Canned Food or Pouches?
This may come down to personal preference, price or even something as simple as storage space.
I have read that pouches generally contain more water than canned food options, which means less calories for your money and therefore a greater volume is needed to keep kitty satiated.
Canned food offers a different problem in that there’s the potential for BPA contamination.
It’s never straightforward is it?
What’s the best food to feed a Bengal cat?
There is much debate with regards to the best diet for Bengal cats.
From what I’ve read, it appears that a diet closest to a natural cat diet is the most healthy- that is, one a cat that lives in the wild would eat, is likely to be the best food to feed a Bengal cat.
This to me sounds logical.
But a raw food diet isn’t without potential pitfalls and some point to the potential for microbial infection in both cats and humans alike.
Additionally, a balanced, nutritionally correct raw food diet can be hard to get right.
It’s not simply a case of throwing your Bengal a supermarket chicken breast at mealtimes as food must contain the right balance of muscle meat, organ and bone alongside appropriate levels of vitamins and minerals.
There are also other factors to take into consideration such as time, money and even storage space for all that frozen raw food.
So although a balanced, natural, raw food diet may be the best wet food option for Bengals, it may not be practical for you.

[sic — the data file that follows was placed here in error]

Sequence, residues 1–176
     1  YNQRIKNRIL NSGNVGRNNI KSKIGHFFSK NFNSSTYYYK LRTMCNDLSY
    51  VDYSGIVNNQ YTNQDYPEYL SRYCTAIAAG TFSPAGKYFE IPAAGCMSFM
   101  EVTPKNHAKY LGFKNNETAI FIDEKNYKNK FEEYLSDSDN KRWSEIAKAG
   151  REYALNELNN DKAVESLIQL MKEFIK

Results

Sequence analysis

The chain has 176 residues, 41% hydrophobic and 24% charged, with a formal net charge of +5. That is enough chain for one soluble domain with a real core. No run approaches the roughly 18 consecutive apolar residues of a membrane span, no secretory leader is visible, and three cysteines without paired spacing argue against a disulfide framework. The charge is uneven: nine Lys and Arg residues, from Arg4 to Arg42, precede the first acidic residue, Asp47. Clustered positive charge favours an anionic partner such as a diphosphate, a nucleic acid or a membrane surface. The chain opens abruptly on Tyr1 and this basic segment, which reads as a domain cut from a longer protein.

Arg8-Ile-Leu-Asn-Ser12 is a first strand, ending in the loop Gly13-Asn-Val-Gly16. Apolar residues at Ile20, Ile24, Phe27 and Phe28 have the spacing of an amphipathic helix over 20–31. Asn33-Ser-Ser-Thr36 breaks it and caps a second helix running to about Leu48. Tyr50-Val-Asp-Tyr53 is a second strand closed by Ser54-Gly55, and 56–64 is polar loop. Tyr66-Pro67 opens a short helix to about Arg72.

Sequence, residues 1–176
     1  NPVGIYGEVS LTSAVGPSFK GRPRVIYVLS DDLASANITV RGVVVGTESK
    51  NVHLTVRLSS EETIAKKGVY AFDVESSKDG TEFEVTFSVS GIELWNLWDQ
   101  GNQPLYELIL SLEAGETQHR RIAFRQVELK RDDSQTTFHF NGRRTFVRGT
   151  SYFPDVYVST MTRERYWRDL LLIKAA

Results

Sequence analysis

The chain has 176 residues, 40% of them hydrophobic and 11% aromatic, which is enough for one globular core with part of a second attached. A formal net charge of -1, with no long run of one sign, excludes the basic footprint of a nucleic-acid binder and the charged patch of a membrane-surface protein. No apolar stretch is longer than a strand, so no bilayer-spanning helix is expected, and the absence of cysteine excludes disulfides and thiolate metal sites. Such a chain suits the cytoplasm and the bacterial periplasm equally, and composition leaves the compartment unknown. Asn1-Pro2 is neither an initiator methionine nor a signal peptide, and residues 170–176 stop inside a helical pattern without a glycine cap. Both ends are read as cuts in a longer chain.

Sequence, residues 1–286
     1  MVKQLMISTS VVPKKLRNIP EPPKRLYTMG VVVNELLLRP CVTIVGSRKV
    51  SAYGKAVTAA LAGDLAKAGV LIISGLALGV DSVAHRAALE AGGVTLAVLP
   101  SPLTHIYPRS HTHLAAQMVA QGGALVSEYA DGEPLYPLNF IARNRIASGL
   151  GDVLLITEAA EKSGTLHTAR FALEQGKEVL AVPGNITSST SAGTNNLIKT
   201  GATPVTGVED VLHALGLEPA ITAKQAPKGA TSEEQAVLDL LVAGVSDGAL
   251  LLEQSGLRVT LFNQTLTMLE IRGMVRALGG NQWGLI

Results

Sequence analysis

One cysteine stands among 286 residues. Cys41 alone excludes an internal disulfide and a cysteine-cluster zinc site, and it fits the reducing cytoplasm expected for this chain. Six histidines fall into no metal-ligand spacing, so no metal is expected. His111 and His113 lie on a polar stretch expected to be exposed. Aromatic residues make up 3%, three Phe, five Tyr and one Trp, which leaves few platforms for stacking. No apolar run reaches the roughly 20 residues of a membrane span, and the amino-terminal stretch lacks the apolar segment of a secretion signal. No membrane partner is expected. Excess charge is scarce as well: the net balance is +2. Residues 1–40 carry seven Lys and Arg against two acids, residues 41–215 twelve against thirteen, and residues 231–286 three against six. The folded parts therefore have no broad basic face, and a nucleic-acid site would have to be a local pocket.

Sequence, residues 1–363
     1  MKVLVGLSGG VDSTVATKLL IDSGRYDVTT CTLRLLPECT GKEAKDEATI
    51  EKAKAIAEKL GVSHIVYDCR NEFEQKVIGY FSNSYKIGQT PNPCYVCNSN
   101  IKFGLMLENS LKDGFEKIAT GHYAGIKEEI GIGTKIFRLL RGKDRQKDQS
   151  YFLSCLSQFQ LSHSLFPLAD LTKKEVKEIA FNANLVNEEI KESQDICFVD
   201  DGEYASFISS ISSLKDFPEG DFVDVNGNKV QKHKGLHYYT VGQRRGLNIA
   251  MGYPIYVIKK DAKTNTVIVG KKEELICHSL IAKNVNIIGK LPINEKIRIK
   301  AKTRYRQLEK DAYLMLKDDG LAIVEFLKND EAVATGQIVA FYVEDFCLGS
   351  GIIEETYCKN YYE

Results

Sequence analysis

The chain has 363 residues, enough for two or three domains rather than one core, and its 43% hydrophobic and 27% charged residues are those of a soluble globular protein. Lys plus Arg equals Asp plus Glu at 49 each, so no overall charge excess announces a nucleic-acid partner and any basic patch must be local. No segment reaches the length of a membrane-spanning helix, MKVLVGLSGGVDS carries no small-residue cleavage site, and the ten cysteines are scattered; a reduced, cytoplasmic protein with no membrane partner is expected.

If a raw diet is something you wish to try or at least, gather more information on, then this site has lots of information.
You can buy pre-made, complete, raw food, which we have used ourselves, especially when Hazel was a kitten and occasionally since.
It is quite expensive though and needs to be cut up into meal size chunks/cubes (usually straight after purchase), then frozen (that’s what we did anyway).
What we (currently) feed our Bengal
Once Hazel reached adulthood, we decided to move her onto the adult equivalent of her kitten food.
This didn’t go to plan, as she would more often than not, just smell it and walk away.
Even mixing didn’t help.
So this meant quite a lot of wasted cat food.
We decided to return her kitten foods until we could find a suitable alternative.
Eventually, we settled on Webbox Naturals– but just the meat selection in gravy (we haven’t tried the jelly).
She’s been contently eating this for a few months now and we liked the variety in flavours as well the content.
I like to look out for alternatives now and again to see if there’s anything better, but for now this particular brand will suffice.
Although a raw food diet replicating what a cat in the wild would eat seems to be the best diet for Bengals, it may not be practical for owners feed their Bengal one.
Fortunately, there are good complete wet cat food options for Bengals available at varying price points and in a range of flavours.
You should find something to suit.
Always remember, companies look for profits first, so always read labels to check you are purchasing healthy foods nutritionally suitable for your cat.
And then hope kitty actually eats it.
So which offering takes your, or rather your cat’s fancy?
Please note, Amazon links on this page are affiliate links from which I’ll receive a small percentage if you purchase at no extra cost to you. It all helps. Thanks.
Featured Image by Paul Hanaoka